TREE CITY GETS BUSY PLANTING

May 15, 2002 11:00 pm

The La Grande annual tree-planting activity is almost concluded for the year, according to the city's urban forestry consultant Brian Kelly.

In all, 126 trees provided free by the city are being planted on city property and rights of way this spring, Kelly said. This includes 87 trees along streets and 39 in city parks.

Most of the trees were handed out April 27 to people who had requested them or volunteered to plant them. May 4 was the big tree-planting day for volunteers, Kelly said, with 25 volunteers planting 25 trees that day and 16 Cub Scouts and their parents planting nine more trees last Saturday.

Tree species planted this year included flowering hawthorn, flowering plum, honey locust, red oak, scarlet oak, Norway maple, hedge maple, red maple, green ash, autumn purple ash and Japanese tree lilac.

Kelly said that examples of this year's street tree plantings can be seen on Second Street between Adams and Washington avenues where 10 blieriana plums are planted, Washington Avenue between 14th and 15th streets with four scarlet oaks and four honey locusts, and at the corner of N Avenue and First Street where two Paul's Scarlet hawthorns and four sycamore maples were planted.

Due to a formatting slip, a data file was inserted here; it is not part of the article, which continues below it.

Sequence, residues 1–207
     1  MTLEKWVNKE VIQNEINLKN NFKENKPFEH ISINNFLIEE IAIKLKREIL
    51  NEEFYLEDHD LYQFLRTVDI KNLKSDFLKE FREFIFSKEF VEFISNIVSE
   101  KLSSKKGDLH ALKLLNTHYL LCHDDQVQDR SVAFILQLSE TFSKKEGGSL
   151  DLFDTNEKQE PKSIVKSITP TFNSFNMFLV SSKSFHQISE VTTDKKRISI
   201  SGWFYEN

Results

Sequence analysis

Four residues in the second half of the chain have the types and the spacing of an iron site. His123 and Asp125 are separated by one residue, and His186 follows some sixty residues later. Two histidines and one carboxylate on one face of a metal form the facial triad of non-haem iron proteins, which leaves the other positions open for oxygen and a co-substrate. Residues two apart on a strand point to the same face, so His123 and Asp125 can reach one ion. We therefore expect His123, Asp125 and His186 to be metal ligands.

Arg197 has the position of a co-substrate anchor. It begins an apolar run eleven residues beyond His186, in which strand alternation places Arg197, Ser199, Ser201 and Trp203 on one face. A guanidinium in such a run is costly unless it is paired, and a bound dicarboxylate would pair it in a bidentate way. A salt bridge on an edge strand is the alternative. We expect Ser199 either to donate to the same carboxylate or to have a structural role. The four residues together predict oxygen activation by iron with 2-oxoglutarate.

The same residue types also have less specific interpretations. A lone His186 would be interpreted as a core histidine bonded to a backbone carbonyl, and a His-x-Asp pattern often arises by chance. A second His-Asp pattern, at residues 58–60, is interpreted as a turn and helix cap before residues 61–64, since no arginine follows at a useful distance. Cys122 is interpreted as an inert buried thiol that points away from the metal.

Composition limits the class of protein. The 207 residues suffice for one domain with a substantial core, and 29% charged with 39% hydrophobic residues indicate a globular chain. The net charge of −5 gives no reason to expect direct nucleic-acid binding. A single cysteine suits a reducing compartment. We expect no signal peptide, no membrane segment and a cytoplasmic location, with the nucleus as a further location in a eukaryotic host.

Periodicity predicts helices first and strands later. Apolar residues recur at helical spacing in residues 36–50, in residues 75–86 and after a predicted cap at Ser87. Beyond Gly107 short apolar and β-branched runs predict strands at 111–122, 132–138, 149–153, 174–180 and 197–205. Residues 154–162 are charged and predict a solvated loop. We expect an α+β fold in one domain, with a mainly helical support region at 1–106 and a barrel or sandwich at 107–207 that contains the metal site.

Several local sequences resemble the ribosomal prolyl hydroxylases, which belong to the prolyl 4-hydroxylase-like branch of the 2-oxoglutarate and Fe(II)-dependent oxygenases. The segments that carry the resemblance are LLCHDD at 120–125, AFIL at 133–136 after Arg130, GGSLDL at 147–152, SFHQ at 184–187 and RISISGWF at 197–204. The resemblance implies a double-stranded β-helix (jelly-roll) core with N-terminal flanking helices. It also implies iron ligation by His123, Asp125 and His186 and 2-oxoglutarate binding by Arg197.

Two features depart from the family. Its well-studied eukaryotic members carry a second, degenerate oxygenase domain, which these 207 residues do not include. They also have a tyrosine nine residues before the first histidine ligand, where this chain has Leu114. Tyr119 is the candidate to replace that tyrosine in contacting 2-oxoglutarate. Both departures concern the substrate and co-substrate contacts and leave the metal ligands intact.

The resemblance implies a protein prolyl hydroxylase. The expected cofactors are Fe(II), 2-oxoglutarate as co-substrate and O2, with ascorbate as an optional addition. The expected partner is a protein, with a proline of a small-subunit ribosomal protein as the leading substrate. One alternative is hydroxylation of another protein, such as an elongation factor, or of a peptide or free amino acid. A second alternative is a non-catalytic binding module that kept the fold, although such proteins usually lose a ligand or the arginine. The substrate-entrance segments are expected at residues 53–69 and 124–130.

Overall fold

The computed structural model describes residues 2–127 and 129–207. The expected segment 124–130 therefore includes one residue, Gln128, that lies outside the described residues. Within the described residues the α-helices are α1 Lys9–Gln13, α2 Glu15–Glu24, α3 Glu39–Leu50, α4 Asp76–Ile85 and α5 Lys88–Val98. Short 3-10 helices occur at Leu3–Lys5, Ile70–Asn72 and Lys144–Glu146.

The trees are planted at the request of property owners who would like to have a tree in the right of way in front of their homes or to replace street trees that had to be removed because of hazards, insects, disease or other problems, Kelly said.

"We plant a wide variety of trees in order to match each tree to its planting site," Kelly said. "This species diversity is beneficial in minimizing future insect and disease problems that might affect some tree species and not others."

He said Dutch elm disease, the locust borer and bronze birch borer insects are examples of the problems that La Grande has experienced.

"Diversity also creates visual interest through variety in the colors, shapes, sizes and textures of our trees. The different varieties of flowering trees bloom at different times, prolonging the show of spring flower displays," Kelly said.

A variety of fall colors also adds interest in the autumn, he said.

Property owners who receive trees agree to take care of them after the plantings. They sign a tree maintenance agreement which includes watering and caring for the tree in the future.

Kelly and trained volunteers prune trees for the first several years after planting in order to develop good branch structure.

"Trees that are pruned well when young are stronger, safer, more attractive and less expensive to maintain in future years," Kelly said.

While the trees are provided free, residents can donate to the city tree fund, Kelly said.

People who want a tree next year should

call the Community Development Department, 962-1307.

— Ray Linker